Tips to Reduce Your Sugar Intake

Do you ever feel like you just can’t stop eating sweets no matter how hard you try? If you experience sugar cravings, you might experience a feeling of lack of willpower or guilt. This happens to so many people today with added sugars and chemicals in most food.

We evolved to have a sweet tooth, as it played a vital role in human evolution. The problem is the overconsumption of sugar that can lead to negative impacts on your health, including cardiovascular disease and Diabetes II.  Sugar cravings aren’t just a lack of willpower, they often are symptoms of blood sugar instability and emotional states.

Sugar has become so readily available that it’s hard to quit. If you follow a holistic strategy for reducing your sugar cravings, you don’t need to strictly control or restrict your sugar intake. You can slowly build a healthier relationship to sweets by finding healthier alternatives and reduce the craving.

Eat more high quality, healthy fats. When we cut out high quantities of sugar and carbs from our diet, we lose many calories that our body was receiving before. Healthy fats are high in calories and have long energy stores. Thus, they keep you fuller for longer and give your body vital energy and nutrients. Some healthy fats are avocados, nuts, seeds (sunflower, chia, or hemp), olives, nut butters, and oils (coconut, sesame, ghee, avocado, olive). They will keep you satiated!

Eat more high quality sources of protein. Another good way to feel satiated if reducing your carb intake is to choose high quality protein sources. Whether you eat meat or are a vegan/vegetarian, it is important to choose less processed foods. Avoid highly processed meats that often contain sugar and other carbs. Eat free-range, organic, or wild-game animal protein if possible. Beans though high in carbs are high in protein and fiber, which function to slow the release of glucose into the bloodstream. Nuts, quinoa, and seeds are also great sources of protein.

Reduce of eliminate sodas, energy drinks,  and sweetened drinks. Sweetened drinks send sugar straight to your blood stream. They give you a spike in energy, but make your blood sugar levels sporadic throughout the day. To keep your blood sugar level, reduce your intake. Try replacing soda with herbal teas, hot water, or water with slices of lemon, cucumber, or berries. “Diet sodas” though often technically low in calories and/or sugars, have many chemicals that are unknown to your body and are worse than drinking the soda with sugar.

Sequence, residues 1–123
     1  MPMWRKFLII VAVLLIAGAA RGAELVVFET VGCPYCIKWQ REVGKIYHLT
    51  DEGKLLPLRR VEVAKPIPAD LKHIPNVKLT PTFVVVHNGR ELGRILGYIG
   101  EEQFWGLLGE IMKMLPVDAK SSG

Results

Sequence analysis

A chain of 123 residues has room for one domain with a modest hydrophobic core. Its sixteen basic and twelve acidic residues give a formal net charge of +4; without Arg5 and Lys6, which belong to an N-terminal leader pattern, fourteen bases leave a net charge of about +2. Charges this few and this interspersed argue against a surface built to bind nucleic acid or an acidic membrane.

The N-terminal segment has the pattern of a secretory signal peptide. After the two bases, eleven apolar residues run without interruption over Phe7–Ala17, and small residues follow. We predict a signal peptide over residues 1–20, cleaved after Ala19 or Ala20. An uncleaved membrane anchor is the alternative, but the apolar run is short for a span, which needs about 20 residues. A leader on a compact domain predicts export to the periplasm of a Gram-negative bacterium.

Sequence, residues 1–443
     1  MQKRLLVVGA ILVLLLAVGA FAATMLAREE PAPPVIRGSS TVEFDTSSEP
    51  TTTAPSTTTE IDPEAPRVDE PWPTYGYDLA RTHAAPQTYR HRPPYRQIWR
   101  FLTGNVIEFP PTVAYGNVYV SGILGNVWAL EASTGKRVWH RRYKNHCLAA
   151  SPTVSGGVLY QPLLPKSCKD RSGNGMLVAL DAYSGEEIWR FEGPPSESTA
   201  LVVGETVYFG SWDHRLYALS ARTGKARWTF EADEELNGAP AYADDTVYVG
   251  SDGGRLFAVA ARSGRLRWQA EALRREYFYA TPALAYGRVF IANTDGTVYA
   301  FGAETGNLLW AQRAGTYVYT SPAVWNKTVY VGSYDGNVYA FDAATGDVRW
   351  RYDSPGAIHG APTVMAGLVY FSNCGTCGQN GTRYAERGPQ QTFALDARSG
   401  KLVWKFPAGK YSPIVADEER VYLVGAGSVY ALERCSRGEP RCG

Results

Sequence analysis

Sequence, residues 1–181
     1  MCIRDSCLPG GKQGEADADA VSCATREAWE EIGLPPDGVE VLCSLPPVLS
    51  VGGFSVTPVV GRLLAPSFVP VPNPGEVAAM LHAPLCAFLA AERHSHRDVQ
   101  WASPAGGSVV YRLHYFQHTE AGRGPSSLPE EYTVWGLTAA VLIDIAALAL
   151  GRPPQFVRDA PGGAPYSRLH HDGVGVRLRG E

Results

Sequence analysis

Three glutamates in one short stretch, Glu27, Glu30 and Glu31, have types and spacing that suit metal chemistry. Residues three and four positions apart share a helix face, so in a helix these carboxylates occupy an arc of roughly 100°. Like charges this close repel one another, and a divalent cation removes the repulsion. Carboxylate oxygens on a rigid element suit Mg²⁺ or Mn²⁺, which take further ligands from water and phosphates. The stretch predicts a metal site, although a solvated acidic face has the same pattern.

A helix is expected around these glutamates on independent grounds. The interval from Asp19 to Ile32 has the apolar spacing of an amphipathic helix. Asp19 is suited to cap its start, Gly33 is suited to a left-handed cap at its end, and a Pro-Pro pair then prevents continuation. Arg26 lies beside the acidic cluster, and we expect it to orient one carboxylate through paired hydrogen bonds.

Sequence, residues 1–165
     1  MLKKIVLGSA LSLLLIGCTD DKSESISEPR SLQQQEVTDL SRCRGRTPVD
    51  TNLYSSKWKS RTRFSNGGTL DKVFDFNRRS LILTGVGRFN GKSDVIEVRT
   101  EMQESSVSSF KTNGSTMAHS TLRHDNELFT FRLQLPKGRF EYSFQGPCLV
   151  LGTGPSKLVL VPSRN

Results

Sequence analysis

Reduce or eliminate excess sugar. A good rule is to not eat more than 25 grams (six teaspoons) of sugar a day. Sodas average around 40 grams of sugar a day. Imagine pouring 12 teaspoons of sugar into your soda bottle. Sugar hides in processed foods with terms like “alcohol sugar” that aren’t listed as sugars, but affect your digestion. The American diet averages around 1/3 cups of added sugar per day. Try switching to fruits and natural forms of sugar.

Reduce refined grains. Most flours and foods with white enriched, or bleached flour, such as most breads, desserts, crackers, and cookies are refined and are classified as simple carbs. Many of them lead to inflammation and digestive issues. Even breads labeled “whole grain” might not be. A whole grain is fully intact, such as rice and barley. Switch to more whole grains and breads from whole sprouted nuts and seeds.

Everything in moderation Although this article is on reducing your intake of sugars, we don’t believe in radical diets or that you need to cut out all carbs. Only in excess does imbalance happen. Take things slowly and be easy on yourself. Food should be in act of self-love and treating your body to its fullest potential. We suggest being mindful of what you are eating with no “right” or “wrong”. Begin by asking yourself, “Is it serving me?”

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